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The Grizzly Gazette

The Grizzly Gazette

The Grizzly Gazette

Barbie is the Epitome of Childhood

PC: Wallpaper Abyss by @RedJohn9923

With the help of multiple artists such as Nicki Minaj, Ice Spice, and Khalid, as well as a wave of pink marketing across various industries, “Barbie” was mainly targeted toward young girls, but unwittingly, it converted our own world into Barbieland.

Starring Margot Robbie and Ryan Gosling, the beginning of the movie takes place in a world governed by powerful women, with a Black female president, a roster of capable Supreme Court Justices, and a trans doctor. However, as the movie progresses, abnormal occurrences (for a high-heeled Barbie) such as “flat feet” cause Stereotypical Barbie to become increasingly preoccupied with questions about her place in the universe, leading to a significant change in her character when she abruptly expresses her fear of looming death.

She encounters Kate McKinnon’s “Weird Barbie”, a parody of the one Barbie doll we all broke when we were kids, who advises her to seek wisdom in the “real world”.

Barbie is given a rude awakening there: women do not rule the world. Women don’t even run the business that created her. She learns one truth, “Women hate women, men hate women. It’s the only thing we can agree on.”

“Barbie” does an amazing job of depicting the experiences of girls as they gradually integrate into society and realize they need to be strong enough to face adversity and discrimination. 

She discovered that every day is a battle, with catcalling, disrespect, and outright assault–something all girls can attest to.

When I was in seventh grade at the mall with my friend, I was catcalled by a man and his children. He only called out to me, but that incident changed my perspective of the world. Suddenly, I felt alienated and alone, and I was curious as to what gave him the right and confidence to howl at me in public. This incident lives in my mind as a constant reminder that I’m not safe anywhere I go because of the fact that I am a woman.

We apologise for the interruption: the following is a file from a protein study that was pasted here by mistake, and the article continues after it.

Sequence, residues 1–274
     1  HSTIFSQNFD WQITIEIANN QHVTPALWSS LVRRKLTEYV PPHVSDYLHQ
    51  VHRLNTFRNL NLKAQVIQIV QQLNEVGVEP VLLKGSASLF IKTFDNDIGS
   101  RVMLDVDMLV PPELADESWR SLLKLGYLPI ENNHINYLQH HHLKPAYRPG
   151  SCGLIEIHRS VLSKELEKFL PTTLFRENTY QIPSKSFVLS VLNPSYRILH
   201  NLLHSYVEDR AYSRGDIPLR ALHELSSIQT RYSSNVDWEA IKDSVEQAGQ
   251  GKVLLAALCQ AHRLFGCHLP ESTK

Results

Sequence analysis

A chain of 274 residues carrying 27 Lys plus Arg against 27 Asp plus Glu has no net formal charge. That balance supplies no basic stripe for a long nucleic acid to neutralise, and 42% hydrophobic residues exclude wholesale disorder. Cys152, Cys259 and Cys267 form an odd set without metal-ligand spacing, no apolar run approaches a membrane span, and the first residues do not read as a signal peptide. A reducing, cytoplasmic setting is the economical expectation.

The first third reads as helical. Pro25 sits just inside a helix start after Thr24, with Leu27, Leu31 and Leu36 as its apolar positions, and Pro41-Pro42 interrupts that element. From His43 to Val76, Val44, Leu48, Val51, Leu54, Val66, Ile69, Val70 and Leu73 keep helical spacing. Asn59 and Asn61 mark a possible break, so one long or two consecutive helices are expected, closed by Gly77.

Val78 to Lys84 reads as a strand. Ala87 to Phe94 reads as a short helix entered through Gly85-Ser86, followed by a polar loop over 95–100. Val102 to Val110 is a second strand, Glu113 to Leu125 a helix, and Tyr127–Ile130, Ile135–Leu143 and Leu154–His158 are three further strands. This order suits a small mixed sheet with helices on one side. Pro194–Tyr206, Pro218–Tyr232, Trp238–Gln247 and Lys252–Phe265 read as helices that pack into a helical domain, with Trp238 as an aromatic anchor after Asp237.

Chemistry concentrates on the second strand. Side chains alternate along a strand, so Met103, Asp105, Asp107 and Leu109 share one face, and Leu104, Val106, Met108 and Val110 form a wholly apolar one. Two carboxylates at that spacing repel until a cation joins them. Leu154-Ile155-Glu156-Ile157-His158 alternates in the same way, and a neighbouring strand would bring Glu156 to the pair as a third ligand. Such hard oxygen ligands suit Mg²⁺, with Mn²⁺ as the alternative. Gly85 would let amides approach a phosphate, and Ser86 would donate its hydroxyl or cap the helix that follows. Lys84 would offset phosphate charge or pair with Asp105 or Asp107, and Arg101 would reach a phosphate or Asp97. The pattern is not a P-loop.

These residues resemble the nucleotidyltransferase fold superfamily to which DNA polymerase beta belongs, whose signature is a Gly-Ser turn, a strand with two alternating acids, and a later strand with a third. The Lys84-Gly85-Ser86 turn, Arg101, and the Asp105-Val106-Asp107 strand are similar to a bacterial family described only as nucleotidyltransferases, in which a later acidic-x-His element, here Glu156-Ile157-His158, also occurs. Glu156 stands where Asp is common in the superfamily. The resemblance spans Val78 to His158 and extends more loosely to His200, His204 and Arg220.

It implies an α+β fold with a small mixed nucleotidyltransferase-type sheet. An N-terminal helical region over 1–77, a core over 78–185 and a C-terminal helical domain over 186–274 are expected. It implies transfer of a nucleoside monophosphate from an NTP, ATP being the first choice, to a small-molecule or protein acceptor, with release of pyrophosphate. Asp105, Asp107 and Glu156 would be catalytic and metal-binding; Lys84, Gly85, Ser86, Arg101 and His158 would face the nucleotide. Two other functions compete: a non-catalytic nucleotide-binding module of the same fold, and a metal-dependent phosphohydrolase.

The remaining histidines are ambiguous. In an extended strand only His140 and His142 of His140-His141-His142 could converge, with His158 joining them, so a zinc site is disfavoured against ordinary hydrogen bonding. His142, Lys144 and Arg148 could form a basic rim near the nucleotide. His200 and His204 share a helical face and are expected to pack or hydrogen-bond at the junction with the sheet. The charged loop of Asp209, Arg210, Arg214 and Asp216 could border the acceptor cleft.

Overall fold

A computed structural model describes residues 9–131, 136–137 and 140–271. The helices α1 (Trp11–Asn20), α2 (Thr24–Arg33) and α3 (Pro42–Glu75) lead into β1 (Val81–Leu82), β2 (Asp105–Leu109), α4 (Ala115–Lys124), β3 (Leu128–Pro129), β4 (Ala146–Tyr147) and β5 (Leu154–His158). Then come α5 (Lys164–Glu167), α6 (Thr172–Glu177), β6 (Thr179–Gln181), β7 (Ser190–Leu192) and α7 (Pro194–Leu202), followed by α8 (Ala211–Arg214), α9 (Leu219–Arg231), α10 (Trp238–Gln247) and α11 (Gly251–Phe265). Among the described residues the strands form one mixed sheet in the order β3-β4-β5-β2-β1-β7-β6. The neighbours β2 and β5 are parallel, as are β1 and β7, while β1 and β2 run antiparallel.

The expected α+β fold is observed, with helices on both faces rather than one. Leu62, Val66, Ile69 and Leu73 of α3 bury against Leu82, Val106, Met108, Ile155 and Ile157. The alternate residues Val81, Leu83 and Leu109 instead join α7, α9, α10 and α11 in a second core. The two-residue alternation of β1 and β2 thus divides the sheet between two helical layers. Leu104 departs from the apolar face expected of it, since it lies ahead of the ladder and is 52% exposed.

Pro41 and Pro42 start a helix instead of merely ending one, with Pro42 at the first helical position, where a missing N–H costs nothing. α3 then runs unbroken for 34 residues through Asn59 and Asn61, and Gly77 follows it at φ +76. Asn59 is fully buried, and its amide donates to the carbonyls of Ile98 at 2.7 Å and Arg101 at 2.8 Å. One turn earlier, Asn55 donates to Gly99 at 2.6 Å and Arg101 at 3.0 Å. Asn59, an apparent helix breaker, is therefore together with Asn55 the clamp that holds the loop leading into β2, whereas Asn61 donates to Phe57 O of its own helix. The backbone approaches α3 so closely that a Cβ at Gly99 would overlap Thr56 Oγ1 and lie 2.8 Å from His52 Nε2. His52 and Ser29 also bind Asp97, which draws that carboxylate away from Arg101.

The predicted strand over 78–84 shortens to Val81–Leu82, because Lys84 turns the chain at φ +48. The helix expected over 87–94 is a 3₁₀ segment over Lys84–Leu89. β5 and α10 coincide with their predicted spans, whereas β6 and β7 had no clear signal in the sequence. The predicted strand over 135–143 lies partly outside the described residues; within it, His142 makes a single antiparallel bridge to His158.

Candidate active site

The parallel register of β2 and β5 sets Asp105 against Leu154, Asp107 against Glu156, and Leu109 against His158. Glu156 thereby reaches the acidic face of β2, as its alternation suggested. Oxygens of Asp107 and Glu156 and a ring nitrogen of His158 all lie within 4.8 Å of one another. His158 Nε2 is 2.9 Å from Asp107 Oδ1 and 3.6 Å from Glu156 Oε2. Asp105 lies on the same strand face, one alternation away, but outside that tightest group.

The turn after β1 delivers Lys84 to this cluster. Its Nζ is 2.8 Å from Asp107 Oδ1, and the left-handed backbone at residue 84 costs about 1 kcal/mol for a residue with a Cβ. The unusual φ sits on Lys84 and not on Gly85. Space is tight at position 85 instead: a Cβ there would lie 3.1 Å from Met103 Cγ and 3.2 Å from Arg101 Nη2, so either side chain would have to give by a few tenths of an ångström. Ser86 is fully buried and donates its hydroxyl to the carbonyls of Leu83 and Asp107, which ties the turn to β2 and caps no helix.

Near the end, a slideshow depicting girlhood played and I couldn’t stop crying. When the movie was over, I stayed behind in my seat and watched as the people around me stood up and hugged each other, laughing over the music playing, crying about how lucky they were to be women.

This left an everlasting impact on the women who watched it. In the movie, the Barbies would cheerfully meet one another by exclaiming “Hey Barbie!”, a small act that reflected into our world. Girls would yell “Hi Barbie!” following the credits, and even at The Eras Tour, a woman waved at my friend who was wearing pink with this sincere greeting.

It felt as though, for a moment, the world was united by a hot pink bow. Issues that we dealt with as women didn’t seem as big anymore because we could hold hands, look each other in the eyes, and say, “I know how you feel.”

Additionally, the film did a fantastic job of illustrating how boys are impacted by societal norms for women, witnessing this injustice, and being instructed to accept it as it is.

One step into the real world, Ken fell into the throws of the patriarchy, eager to share it with the other Kens back home. All his life, he was forced to compete for Barbie’s attention with the other Kens and it caused him to feel some sort of vindictiveness toward her. By embracing the patriarchy, he felt special and needed.

This is true in our world; most times, boys are favored in their households or simply neglected, and when they become exposed to society, they’re corrupted by a system that gives them power. They’re taught to be domineering, that women are supposed to serve them.

However, Allan didn’t mind the Barbies’ dominance in Barbieland. In reality, when the Kens took control, he was attempting to flee.

Allan is portrayed as a direct polarity to Ken, not as buff as he, not as confident, not as aggressive. This serves as a metaphor for how guys who aren’t as “dominant” or who lack the stereotypically “masculine” traits, such as enmity, aren’t seen as masculine. This also illustrates the assumption that gay men owe us femininity and that men who aren’t as masculine are typically perceived as gay.

Although “Barbie” only succeeded in describing the most basic forms of misogyny, it was a fantastic tool to gradually introduce kids to the idea of inequity.

We are thrown into the unknown far too quickly, made to fend for ourselves, and forced to grow up too fast. Seeing the film gave me the chance to consider the aspect of myself that I was not given the chance to explore.

The film was a masterpiece all around.

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